"He didn't hit a homer in his last at-bat; he hit a single. He didn't hit in 56 straight games. He married his high school sweetheart and stayed married to her, never married a Marilyn Monroe. He didn't play with the sheer joy and style that goes alongside Willie Mays' name. None of those easy things are there to associate with Stan Musial. All Musial represents is more than two decades of sustained excellence and complete decency as a human being."
– Bob Costas, ESPN's SportsCentury series, 2001
Of the thousands of quotes you can read about Stan Musial, Costas, perhaps, best summarized the kind-hearted Cardinals legend in his description. Equally adored by teammates, fans and family members, Musial has been mourned deeply since he passed away on January 13 at the age of 92.
"When he died – as weird as it sounds – it felt like a part of my childhood had been taken away, even though I had never seen him play," said longtime Musial collector Drew Shimko, whose father regaled him with stories about Stan the Man when he was growing up. "I called my father after I heard the news [that Musial had died]. My dad is advancing in age, and Stan Musial was a connection we shared from when I was really little. It felt like I had lost a little part of myself that day."
Once deemed the most underrated athlete in U.S. sports history, Musial quietly racked up 3,630 hits (fourth all-time) in a 22-year career. His resume also boasts 6,134 total bases (second all-time), 725 doubles (third all-time), 475 homers (28th all-time), 1,951 RBIs (sixth all-time) and seven National League batting titles.
For his efforts, Musial was selected to participate in 24 all-star games, was bestowed three MVP awards, was the backbone of three World Champion squads and was elected to the Hall of Fame in his first year of eligibility (1969). He also played 3,026 big league games without a single ejection, and some would say he led all athletes in autographs signed.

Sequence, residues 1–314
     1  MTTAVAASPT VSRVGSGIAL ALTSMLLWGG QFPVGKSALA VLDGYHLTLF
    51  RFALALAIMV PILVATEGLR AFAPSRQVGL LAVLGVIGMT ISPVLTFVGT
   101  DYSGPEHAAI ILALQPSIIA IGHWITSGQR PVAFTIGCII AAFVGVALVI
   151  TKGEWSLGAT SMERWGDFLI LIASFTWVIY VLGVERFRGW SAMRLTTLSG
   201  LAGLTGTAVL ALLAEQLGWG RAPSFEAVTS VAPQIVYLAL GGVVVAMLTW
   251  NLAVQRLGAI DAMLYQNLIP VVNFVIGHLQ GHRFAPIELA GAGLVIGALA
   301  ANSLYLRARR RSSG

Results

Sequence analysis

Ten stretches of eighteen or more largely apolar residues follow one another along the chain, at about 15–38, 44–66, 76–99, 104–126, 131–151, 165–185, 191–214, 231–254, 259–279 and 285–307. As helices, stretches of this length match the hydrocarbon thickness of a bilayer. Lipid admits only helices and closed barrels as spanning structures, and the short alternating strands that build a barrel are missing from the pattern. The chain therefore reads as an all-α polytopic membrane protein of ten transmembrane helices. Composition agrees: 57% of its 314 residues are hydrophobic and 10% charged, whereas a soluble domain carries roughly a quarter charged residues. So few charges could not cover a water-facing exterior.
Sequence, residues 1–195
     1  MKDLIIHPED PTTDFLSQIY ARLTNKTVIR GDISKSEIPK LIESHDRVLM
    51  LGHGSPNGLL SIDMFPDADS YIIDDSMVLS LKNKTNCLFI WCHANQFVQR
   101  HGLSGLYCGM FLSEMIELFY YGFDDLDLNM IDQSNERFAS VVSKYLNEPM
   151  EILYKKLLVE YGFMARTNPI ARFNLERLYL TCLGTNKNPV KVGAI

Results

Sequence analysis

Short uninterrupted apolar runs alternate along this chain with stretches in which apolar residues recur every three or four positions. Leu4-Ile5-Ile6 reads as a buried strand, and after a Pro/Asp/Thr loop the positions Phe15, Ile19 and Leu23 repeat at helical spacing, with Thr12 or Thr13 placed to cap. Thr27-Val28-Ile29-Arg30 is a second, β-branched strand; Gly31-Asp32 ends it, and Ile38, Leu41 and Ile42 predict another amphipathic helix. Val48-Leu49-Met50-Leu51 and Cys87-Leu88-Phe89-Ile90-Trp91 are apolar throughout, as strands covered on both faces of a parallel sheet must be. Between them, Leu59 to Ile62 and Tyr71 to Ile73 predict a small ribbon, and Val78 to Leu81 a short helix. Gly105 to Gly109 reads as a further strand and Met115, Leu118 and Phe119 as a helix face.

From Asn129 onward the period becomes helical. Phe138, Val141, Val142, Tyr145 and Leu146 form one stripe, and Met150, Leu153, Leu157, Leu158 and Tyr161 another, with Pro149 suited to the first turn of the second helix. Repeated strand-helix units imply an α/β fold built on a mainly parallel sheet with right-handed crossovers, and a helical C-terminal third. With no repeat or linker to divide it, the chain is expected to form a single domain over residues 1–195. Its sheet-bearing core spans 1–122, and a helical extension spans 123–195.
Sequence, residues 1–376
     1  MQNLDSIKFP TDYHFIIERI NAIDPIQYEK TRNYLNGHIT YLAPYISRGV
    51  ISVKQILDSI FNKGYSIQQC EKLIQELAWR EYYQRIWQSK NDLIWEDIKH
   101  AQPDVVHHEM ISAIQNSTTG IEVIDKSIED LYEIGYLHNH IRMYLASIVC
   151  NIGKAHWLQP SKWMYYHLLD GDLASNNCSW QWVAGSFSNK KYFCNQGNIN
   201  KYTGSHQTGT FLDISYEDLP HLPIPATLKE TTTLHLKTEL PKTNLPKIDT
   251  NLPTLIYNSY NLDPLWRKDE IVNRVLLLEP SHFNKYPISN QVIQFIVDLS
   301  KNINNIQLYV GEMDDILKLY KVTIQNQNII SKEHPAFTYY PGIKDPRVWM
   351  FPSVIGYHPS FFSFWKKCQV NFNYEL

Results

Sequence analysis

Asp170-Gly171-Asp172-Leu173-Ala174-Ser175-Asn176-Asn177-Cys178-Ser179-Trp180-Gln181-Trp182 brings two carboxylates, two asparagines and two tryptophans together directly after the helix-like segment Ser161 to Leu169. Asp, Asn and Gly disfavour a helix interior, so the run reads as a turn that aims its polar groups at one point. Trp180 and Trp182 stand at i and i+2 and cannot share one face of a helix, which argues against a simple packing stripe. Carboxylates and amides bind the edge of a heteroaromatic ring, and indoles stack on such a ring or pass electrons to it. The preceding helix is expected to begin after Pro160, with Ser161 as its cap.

Shimko, who has collected the No. 2 Current Finest Stan Musial Master Set on the PSA Set Registry, had the opportunity to meet Musial several times, and the baseball legend never disappointed him.
"The first time I met him I was about 10 years old and my father took me to a card show at Pocono Downs Horse Track, where he was signing autographs," recounted Shimko. "I was one of the youngest, if not the youngest, individuals waiting for a chance to speak with this legend and have him sign my baseball. The promoter was trying to rush things along, but when Stan saw me decked out in my Cardinals attire, he picked me up and sat me down right next to him so that my father could take a picture of us together."
Shimko says Musial proceeded to talk baseball for about 10 minutes.
"We later had the picture enlarged and Stan signed it for me. This picture is probably my most prized possession as it takes me back to a place in time where it was just my father, Stan the Man and I, where nothing else mattered," said Shimko. "My father kept a small version of this picture on his desk at work for years until he retired. I have the large autographed [picture] hanging on my wall at work where I see it every day."
Bob Schrum, owner of the registry's top Current Finest Master Set, also enjoyed meeting Musial. He spoke with the Hall of Famer at a Frontier League game in St. Charles, Missouri.
"He was very approachable," recalled Schrum. "I got to sit there and talk to him for a few minutes, and that's the best memory I have of him." Having seen him only in film clips, it was great to meet him in person and actually talk to him one-on-one, he says.
Musial's lack of pretense is one of the reasons why such a devoted group of collectors are pursuing his cards on the PSA Set Registry. Four Musial registry sets have been formed: Basic (10 cards), Master (74 cards), Basic Topps (6 cards) and Master Topps (29 cards).
Musial's 1948 Leaf rookie (#4) is one of his most prized singles. This card was part of the first post-World War II baseball set to be issued in color.